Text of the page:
• [0042]
    There can be layers of an aramid, for instance ZYLON-530 and layers of SPECTRASHIELD PLUS-902 (i.e., SPECTRASHIELD PLUS similar to style no. 902 available from Hexcel Schwebel of Anderson, S.C., or from Honeywell Corp. of Morristown, N.J.).
  • [0043]
    In further type III-compliant examples of the armor structure 600, the first section 610 comprises 100 or more layers of an aramid, for instance ZYLON-530, and the second section 220 comprises 135 or more layers of SPECTRASHIELD PLUS-902. In these examples, one or more layers of armor material other than an aramid, for instance ZYLON-530 or SPECTRASHIELD PLUS-902 may be employed in the first or second layers 610, 620, respectively, in addition to the layers specified above.
  • [0044]
    Any of the examples of the soft armor structures 100, 200, and 300 may be employed to construct any of a variety of armored equipment. For example, the disclosed armor structures may be employed to construct soft body armor, such as a bulletproof vest. Such a vest can be entirely constructed from one or a combination of the armor structures, providing ballistic protection of a given type that “wraps” completely around a torso of a wearer. Any of the armor structures 100, 200, 300 may also be employed to form armor panels for use in vehicles, either on or against the vehicle “skin” or in critical locations like seats, cockpits, fuel tanks, hydraulic lines, ammunition stores, helmets or armor panels for buildings.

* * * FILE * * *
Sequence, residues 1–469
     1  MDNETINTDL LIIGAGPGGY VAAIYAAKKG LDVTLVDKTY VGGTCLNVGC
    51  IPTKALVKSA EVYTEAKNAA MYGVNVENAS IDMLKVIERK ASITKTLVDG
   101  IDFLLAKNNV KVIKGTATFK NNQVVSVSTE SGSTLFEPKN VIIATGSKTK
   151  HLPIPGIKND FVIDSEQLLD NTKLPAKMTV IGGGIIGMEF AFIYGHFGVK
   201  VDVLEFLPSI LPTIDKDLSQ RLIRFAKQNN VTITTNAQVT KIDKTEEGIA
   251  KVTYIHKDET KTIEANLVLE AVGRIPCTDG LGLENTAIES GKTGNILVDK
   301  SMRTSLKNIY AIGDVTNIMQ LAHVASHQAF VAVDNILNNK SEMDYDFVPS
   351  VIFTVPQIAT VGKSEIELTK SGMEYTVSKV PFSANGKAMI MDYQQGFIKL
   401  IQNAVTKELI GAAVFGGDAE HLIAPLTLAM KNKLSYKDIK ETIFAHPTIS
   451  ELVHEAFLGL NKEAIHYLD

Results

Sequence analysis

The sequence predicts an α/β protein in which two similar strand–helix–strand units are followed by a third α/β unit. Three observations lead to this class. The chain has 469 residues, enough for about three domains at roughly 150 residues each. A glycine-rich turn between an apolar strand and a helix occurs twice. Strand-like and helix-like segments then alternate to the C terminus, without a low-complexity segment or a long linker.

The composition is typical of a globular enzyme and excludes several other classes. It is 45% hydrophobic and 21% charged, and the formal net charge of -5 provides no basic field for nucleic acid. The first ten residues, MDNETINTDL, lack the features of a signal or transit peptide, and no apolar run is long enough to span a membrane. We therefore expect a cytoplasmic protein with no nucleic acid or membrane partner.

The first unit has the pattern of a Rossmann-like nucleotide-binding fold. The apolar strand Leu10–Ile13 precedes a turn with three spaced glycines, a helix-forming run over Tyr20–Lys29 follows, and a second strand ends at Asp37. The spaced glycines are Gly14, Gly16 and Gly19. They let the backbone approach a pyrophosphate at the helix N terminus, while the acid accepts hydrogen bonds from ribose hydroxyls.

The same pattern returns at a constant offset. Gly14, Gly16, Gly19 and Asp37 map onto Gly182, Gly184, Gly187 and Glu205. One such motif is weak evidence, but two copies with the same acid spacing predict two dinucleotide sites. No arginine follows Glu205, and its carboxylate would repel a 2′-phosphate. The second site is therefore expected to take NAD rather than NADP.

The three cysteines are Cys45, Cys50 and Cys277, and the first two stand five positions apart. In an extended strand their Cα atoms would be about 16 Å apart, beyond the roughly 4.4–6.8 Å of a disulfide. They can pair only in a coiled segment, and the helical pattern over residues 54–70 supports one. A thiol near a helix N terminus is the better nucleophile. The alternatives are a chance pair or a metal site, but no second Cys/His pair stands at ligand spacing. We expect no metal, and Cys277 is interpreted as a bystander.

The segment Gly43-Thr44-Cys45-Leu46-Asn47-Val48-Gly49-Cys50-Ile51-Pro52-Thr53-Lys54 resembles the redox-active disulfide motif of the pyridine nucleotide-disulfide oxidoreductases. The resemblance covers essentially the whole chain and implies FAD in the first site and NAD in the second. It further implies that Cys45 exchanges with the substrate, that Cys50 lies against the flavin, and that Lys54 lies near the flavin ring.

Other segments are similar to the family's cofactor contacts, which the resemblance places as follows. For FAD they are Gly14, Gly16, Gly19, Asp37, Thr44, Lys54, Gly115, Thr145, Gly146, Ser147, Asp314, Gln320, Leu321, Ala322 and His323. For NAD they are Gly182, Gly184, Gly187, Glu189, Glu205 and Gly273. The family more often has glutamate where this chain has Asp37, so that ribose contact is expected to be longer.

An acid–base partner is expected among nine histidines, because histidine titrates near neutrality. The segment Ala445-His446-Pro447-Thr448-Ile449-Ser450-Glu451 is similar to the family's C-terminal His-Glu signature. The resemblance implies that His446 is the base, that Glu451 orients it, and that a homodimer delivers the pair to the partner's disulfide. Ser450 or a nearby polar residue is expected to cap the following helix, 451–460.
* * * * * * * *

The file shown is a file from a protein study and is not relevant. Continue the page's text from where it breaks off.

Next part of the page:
• [0045]
    The armor structures and/or armored articles may have each of the layers of armor material laser-cut into the desired perimeter shape. The layers can be cut individually or in groups of 2 or more. Laser cutting has proven advantageous in that it prevents fraying of woven armor materials as the laser heat tends to “heat-seal” the edges of the cut material. In some cases adhesive tape, such as a polymer tape, can be used over some or all of the perimeter edges of the “sandwich” of layers. The tape can be stitched to the layers.
  • [0046]
    Specifications for various materials discussed above are as set out.
  • [0047]
    ZYLON-530: SPECIFICATIONS Yarn Type Warp Yarn Zylon AS, 500 denier Fill Yarn Zylon AS, 500 denier Fabric Weight 4.00 oz/yd.2 136 g/m2 Weave Style Plain Nominal Construction Warp Count 30 (yarns/inch) Fill Count 30 Fabric Thickness 8.0 mils 0.20 mm Breaking Strength 1080 lbf/in 1020 lbf/in.
  • [0048]